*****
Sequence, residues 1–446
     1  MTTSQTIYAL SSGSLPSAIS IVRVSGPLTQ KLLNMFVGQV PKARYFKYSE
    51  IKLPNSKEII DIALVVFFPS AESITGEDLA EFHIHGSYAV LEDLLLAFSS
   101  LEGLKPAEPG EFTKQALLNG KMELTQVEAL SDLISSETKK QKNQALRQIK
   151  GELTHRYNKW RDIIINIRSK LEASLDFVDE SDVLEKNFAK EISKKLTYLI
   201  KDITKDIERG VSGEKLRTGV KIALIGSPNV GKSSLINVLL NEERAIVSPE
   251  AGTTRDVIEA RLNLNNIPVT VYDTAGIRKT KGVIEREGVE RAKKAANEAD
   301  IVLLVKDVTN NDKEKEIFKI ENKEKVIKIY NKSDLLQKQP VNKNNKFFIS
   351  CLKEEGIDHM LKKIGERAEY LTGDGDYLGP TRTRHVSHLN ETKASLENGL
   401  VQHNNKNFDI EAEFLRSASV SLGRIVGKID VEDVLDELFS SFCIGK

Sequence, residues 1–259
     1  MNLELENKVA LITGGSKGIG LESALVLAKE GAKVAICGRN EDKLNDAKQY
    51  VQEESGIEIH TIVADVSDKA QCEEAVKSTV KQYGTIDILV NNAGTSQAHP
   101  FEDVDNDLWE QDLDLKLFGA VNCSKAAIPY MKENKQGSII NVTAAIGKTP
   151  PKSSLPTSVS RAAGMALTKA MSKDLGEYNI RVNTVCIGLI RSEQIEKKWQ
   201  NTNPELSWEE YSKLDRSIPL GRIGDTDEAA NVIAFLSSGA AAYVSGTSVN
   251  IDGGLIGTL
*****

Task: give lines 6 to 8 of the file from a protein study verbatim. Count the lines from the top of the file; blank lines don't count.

   201  KDITKDIERG VSGEKLRTGV KIALIGSPNV GKSSLINVLL NEERAIVSPE
   251  AGTTRDVIEA RLNLNNIPVT VYDTAGIRKT KGVIEREGVE RAKKAANEAD
   301  IVLLVKDVTN NDKEKEIFKI ENKEKVIKIY NKSDLLQKQP VNKNNKFFIS